Ambulance services consolidated due to volunteer shortage
TOWN OF CAPE VINCENT, New York (WWNY) - Ask any EMS captain and they’ll tell you: it’s tough finding volunteers. It has caused the towns of Lyme and Cape Vincent to consolidate their ambulance services.
In the town of Lyme, there are two fire departments, one ambulance and not enough volunteers.
“Right now, our volunteers are on scene 25 to 30 minutes before we get an ambulance from Watertown. Sometimes it’s longer,” said Heather Lipczynski, EMS captain, Chaumont Fire Department.
Because of a lack of volunteers, the town needed help.
“It’s extremely difficult to get EMTs and volunteers right now. I mean, it’s demanding, the hours to keep your certifications just to become an EMT is very demanding,” said Lipczynski.
“In January, the Three Mile Bay Fire Department voted to reduce its ambulance services from basic life support to first responder. That means EMTs still responded to calls to provide care, but another ambulance service had to be called to transport them to the hospital.
Now the town of Lyme will get the help it needs from its neighbors in Cape Vincent, which will be expanding its services to Lyme.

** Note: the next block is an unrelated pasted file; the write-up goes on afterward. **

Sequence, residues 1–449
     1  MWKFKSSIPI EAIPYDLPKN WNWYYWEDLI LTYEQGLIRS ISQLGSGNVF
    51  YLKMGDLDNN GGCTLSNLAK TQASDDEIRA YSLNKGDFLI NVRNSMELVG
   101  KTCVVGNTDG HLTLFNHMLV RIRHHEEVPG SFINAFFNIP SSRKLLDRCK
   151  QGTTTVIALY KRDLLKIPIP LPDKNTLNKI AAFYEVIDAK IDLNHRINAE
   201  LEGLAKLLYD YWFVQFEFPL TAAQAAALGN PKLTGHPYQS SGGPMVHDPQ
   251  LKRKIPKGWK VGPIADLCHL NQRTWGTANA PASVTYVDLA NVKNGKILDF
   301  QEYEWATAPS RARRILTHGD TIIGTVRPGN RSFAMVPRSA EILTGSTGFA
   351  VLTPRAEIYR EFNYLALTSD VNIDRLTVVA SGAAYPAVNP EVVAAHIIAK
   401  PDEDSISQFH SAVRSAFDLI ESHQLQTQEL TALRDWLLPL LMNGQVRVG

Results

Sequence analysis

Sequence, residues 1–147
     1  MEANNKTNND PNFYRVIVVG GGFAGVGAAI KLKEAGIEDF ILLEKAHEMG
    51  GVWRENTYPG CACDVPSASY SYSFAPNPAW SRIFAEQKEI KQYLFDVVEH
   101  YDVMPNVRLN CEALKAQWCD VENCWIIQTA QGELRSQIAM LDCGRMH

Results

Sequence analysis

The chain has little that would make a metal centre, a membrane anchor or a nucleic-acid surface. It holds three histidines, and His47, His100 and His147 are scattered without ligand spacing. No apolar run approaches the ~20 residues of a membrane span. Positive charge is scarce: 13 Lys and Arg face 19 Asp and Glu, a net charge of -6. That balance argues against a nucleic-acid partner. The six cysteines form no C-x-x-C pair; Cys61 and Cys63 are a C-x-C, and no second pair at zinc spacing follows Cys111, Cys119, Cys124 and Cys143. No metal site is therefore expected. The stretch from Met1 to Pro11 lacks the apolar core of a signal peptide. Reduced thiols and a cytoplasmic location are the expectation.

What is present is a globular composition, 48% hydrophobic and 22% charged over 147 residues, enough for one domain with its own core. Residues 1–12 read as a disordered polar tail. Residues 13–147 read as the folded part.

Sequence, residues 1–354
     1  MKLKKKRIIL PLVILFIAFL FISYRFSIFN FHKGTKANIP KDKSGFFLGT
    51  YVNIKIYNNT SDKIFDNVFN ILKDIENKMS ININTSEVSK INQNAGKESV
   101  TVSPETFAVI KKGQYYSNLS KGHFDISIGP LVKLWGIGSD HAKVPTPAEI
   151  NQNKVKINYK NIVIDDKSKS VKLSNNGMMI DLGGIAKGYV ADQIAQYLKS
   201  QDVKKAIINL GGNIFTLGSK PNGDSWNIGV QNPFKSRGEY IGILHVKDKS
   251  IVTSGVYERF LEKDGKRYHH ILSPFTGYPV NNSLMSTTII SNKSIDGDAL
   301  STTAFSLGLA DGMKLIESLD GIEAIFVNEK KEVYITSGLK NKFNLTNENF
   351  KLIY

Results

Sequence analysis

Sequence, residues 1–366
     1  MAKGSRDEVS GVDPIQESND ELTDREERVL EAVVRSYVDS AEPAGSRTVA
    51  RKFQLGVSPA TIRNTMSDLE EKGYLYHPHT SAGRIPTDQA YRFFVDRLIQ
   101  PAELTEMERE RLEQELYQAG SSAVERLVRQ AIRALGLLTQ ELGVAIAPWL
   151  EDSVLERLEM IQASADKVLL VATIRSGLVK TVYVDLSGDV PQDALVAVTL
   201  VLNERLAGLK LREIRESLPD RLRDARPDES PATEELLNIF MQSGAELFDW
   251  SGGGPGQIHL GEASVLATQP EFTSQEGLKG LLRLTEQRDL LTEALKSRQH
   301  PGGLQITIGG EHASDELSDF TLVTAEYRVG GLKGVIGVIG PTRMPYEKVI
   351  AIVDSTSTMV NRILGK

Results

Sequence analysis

“I think overall, being able to draw donations from two townships is going to help them have more money to work with and offer more services,” said Jeffrey Call, chief of operations, Cape Vincent Ambulance Squad.
The Three Mile Bay Fire Department will be donating its sole ambulance to the Cape Vincent Ambulance Squad, giving Cape Vincent two ambulances. With paid staff on call 24/7, that should make for quicker response times from Cape Vincent.
“Versus our volunteers coming from our homes, to the station, getting our vehicles on the road, to the scene,” said Lipczynski.
Call says the process of consolidation will take about two months to complete, but in the meantime, Cape Vincent Ambulance Squad, Three Mile Bay Ambulance Squad, and Guilfoyle will be providing services to the town of Lyme.
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